Just understand that it will take several months to work out an ideal funnel, because PPC marketing takes substantial research, experimentation, and iteration.
It can’t be half-baked and it can’t be rushed, unless you’re willing to throw money down the drain.
With that in mind, the best PPC companies in your area will be transparent about these improvements with you. Frankly, it’s going to help them prove their worth—if they are in fact worth your time and money.
Are White Label PPC Services a Good Idea?
This can be a good arrangement for agencies that want to offer full marketing services to their customers without taking on the overhead costs, time investment, or energy investment that normally comes with hiring people internally. White label PPC services from dedicated experts can augment other specialized retainers quite nicely.
You might even be a marketing strategy consultant who understands the concepts of digital marketing but doesn’t have experience in the AdWords platform. This situation would make white label PPC ideal because the experts in question can execute on that strategy in the trenches while the consultant or agency in question can still communicate everything to the client.
The challenge is in organizing your own team and partners together for the end client—and, as you’re probably aware, it’s best to assign a single point of contact to funnel all communication. Don’t force your specialists to waste precious billable hours explaining niche ideas to the client.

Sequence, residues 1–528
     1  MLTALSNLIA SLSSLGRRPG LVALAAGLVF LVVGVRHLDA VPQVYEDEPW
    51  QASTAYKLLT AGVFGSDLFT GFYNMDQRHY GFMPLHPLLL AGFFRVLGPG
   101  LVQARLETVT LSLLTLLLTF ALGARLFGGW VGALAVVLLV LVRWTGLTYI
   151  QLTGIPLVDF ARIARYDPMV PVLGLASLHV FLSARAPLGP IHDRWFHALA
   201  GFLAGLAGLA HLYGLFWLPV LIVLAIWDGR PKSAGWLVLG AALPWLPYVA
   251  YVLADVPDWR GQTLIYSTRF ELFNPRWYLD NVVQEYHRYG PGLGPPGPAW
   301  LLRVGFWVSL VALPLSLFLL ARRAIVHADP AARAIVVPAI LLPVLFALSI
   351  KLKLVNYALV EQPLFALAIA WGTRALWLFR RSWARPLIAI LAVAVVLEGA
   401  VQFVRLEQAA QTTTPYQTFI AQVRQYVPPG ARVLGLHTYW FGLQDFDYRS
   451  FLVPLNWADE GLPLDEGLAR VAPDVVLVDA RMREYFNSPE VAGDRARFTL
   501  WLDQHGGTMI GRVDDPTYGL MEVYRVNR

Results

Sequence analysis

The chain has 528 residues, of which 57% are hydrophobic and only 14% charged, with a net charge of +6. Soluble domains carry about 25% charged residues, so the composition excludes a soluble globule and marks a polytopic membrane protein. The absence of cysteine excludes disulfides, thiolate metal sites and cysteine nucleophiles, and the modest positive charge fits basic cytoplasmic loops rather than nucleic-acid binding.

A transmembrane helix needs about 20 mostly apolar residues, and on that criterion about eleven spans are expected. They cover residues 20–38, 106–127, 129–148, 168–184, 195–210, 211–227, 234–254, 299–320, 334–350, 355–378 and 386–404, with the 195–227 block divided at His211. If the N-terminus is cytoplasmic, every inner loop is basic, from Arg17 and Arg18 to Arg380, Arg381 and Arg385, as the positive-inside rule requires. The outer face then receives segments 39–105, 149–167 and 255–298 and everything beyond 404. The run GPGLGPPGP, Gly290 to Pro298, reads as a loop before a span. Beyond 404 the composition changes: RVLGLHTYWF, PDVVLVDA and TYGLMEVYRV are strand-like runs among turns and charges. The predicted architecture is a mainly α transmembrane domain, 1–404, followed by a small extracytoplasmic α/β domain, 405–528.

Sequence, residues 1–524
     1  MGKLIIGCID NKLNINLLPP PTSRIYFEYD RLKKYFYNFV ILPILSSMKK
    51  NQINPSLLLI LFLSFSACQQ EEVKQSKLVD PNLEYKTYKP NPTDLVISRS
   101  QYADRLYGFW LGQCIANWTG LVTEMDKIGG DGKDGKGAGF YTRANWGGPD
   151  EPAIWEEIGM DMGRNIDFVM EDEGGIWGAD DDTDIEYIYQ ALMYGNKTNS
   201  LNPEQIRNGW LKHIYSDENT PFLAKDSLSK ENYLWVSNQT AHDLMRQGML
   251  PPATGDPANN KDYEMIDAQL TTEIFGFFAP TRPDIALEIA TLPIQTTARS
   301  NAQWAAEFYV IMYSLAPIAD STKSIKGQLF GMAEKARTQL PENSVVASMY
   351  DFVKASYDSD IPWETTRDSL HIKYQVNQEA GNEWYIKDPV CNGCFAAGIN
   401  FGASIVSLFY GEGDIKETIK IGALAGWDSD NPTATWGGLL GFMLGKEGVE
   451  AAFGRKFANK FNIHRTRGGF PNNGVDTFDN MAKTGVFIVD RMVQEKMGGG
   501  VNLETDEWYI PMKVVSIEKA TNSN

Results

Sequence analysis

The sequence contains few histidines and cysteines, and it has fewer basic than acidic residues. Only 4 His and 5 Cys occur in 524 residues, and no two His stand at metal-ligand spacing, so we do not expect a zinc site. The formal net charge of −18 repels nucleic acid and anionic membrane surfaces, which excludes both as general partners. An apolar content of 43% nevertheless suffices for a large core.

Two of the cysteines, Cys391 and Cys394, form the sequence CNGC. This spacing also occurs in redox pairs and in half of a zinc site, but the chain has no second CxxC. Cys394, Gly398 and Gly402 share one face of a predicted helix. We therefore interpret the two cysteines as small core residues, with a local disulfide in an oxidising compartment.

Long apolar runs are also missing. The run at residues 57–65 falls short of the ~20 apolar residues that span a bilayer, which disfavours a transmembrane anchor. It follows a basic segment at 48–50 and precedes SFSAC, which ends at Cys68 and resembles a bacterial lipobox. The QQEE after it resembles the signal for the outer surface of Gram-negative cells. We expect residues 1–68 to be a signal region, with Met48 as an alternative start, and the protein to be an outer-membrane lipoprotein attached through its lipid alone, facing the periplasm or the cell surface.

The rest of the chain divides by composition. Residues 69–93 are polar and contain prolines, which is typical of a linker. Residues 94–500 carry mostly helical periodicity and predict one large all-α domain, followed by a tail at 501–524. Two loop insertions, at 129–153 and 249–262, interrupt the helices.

Many PPC experts will charge a certain percent of the ad budget for their services. Take the time to work out an appropriate compensation plan with each white label PPC provider to make sure that you don’t overcharge the end client—or yourself.
What to Ask a PPC Expert Before Signing a Contract
Obviously, you don’t want to get sucked into a contract with a dubious company. Get the necessary information while you’re in talks with a PPC consultant or agency.
Don’t expect a consultant to reveal all the secrets of their trade, but you should walk away with the high-level points of that consultant’s plan while you consider a proposal.
Outline a General PPC Strategy First
One company we’ve worked with in the past once paid another “big brand” agency over $200,000 per month to throw up generic display ads on the internet. The cost for a lead (yes, a lead, not a sale) exceeded $16,000.